Just Posted

As a former reporter and editor at the Tribune, Diana French carries on sharing her ideas through her weekly column. (Photo submitted)
FRENCH CONNECTION: Skating rink welcomed

This lake one will not last long but is still worth it

Jim Hilton pens a column on forestry each week for the Quesnel Observer.
FOREST INK: New batteries close to industrial level applications

The good news is the hope that this cost should come down each year

Researchers in B.C. say earlier than usual return of bats or dead bats can indicate trouble, such as signs of white-nose syndrome. (Cathy Koot photo)
Public help is essential for monitoring for bat disease

Anyone finding a dead bat is asked to report it to the BC Community Bat Program

Sandi Griffiths is the region’s new district manager of transportation for the Ministry of Transportation and Infrastructure. (Monica Lamb-Yorski photo - Williams Lake Tribune)
New MOTI district manager takes the wheel in Williams Lake

Sandi Griffiths replaces Todd Hubner who retired recently

A health worker holds a vial of AstraZeneca vaccine to be administered to members of the police at a COVID-19 vaccination center in Mainz, Germany, Thursday, Feb. 25, 2021. The federal state of Rhineland-Palatinate, start with the vaccination of police officers in internal police vaccination centers. (Andreas Arnold/dpa via AP)
B.C. officials to unveil new details of COVID vaccination plan Monday

Seniors and health-care workers who haven’t gotten their shot are next on the list

Cannabis bought in British Columbia (Ashley Wadhwani/Black Press Media)
Is it time to start thinking about greener ways to package cannabis?

Packaging suppliers are still figuring eco-friendly and affordable packaging options that fit the mandates of Cannabis Regulations

An investigation is underway after a man was shot and killed by Tofino RCMP in Opitsaht. (Black Press Media file photo)
Man shot and killed by RCMP near Tofino, police watchdog investigating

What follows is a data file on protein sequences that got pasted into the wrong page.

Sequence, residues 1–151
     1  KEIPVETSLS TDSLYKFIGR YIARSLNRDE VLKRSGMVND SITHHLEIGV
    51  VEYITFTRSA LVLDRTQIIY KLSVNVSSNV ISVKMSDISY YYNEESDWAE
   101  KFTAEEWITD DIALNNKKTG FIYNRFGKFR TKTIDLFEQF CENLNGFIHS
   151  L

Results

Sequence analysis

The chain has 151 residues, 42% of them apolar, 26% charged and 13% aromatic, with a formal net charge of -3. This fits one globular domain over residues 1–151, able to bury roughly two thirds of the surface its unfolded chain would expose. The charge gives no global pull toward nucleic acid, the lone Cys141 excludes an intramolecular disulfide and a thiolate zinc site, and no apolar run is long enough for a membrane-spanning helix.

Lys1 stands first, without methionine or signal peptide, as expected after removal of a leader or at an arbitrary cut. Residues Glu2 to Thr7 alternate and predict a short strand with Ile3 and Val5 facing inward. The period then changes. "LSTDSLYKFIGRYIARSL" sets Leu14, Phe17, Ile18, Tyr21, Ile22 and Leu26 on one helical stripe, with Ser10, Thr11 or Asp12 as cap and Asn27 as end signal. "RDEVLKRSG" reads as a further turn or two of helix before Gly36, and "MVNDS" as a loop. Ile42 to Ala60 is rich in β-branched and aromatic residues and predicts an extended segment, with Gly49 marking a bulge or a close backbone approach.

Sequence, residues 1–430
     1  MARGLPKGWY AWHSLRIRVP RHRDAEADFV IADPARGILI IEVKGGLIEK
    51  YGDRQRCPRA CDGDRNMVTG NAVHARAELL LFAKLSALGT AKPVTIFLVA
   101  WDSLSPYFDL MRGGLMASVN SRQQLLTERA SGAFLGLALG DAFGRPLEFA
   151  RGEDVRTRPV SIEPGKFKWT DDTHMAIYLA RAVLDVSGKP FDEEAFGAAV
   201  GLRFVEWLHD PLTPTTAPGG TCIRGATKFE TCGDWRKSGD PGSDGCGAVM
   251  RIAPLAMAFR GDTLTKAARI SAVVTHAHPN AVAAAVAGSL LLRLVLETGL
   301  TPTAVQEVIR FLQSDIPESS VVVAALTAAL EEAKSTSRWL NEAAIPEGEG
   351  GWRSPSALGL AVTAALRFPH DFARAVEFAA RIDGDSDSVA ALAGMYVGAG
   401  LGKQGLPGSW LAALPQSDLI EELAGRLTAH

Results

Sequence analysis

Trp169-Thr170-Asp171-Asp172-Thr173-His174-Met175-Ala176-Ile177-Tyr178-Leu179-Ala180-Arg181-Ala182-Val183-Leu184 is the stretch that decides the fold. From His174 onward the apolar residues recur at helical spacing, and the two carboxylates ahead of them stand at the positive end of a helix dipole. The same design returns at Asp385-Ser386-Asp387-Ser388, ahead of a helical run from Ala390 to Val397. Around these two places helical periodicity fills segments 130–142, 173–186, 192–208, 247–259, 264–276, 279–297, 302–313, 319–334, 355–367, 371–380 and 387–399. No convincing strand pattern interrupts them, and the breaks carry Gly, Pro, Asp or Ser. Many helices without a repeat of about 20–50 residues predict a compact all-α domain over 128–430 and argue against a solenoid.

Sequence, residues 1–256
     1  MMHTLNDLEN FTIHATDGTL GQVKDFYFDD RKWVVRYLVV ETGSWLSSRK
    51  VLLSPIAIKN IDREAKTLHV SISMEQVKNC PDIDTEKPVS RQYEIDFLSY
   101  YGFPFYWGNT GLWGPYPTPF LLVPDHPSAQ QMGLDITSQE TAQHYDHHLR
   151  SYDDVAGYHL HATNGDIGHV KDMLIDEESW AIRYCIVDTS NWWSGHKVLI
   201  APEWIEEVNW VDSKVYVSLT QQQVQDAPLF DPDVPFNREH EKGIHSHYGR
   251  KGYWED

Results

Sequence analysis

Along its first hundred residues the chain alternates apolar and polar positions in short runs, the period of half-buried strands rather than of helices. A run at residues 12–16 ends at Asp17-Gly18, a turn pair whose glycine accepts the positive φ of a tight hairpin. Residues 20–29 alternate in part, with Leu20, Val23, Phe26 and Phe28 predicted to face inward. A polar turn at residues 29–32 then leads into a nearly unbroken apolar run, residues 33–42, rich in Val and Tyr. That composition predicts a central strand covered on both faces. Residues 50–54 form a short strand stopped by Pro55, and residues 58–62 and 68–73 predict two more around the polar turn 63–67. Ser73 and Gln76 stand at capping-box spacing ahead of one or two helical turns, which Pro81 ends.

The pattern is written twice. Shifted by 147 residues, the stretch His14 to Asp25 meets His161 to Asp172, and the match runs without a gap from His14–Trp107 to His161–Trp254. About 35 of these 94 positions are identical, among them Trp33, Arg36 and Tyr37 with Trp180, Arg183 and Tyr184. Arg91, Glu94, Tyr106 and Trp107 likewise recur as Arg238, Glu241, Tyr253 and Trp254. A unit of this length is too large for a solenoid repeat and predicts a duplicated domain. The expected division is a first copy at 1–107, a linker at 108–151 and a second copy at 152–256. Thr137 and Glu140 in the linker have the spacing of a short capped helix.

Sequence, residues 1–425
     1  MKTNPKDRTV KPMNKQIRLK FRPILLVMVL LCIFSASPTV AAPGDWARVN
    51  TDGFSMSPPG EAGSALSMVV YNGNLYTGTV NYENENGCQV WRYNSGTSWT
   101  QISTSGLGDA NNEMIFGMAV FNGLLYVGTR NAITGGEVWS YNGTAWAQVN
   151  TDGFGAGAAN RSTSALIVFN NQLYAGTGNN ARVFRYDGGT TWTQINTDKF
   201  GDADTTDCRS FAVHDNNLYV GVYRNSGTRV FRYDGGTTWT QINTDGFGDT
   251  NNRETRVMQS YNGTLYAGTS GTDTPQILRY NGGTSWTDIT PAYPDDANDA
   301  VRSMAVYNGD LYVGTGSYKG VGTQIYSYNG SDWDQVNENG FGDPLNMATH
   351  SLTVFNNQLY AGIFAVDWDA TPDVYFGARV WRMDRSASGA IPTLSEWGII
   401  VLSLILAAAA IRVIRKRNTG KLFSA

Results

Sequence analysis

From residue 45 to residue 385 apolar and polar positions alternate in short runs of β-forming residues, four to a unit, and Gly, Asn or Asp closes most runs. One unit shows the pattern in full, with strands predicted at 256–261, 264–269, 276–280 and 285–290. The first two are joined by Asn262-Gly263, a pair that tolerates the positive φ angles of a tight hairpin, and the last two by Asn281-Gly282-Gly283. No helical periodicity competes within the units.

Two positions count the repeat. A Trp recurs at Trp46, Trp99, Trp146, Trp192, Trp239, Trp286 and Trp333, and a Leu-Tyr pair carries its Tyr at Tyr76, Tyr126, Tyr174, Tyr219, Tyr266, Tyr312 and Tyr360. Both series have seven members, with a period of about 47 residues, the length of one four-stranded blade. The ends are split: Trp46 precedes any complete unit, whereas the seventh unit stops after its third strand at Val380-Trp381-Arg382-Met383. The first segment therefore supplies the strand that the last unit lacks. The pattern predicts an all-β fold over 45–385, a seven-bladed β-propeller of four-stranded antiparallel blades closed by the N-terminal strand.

Investigation underway by Independent Investigations Office of British Columbia.

B.C. Supreme Court in Vancouver on Tuesday December 11, 2018. THE CANADIAN PRESS/Darryl Dyck
B.C.’s compromise on in-person worship at three churches called ‘absolutely unacceptable’

Would allow outdoor services of 25 or less by Langley, Abbotsford and Chilliwack churches

Baldy Mountain Resort was shut down on Saturday after a fatal workplace accident. (Baldy Mountain picture)
Jasmine and Gwen Donaldson are part of the CAT team working to reduce stigma for marginalized groups in Campbell River. Photo by Marc Kitteringham, Campbell River Mirror
Jasmine’s story: Stigma can be the hardest hurdle for those overcoming addiction

Recovering B.C. addict says welcome, connection and community key for rebuilding after drug habit

A Vancouver restaurant owner was found guilty of violating B.C.’s Human Rights Code by discriminating against customers on the basis of their race. (Pixabay)
Vancouver restaurant owner ordered to pay $4,000 to customers after racist remark

Referring to patrons as ‘you Arabs’ constitutes discrimination under B.C.’s Human Rights Code, ruling deems

Nanaimo children’s author and illustrator Lindsay Ford’s latest book is ‘Science Girl.’ (Photo courtesy Lindsay Ford)
B.C. children’s writer encourages girls to pursue the sciences in new book

Lindsay Ford is holding a virtual launch for latest book, ‘Science Girl’

Most Read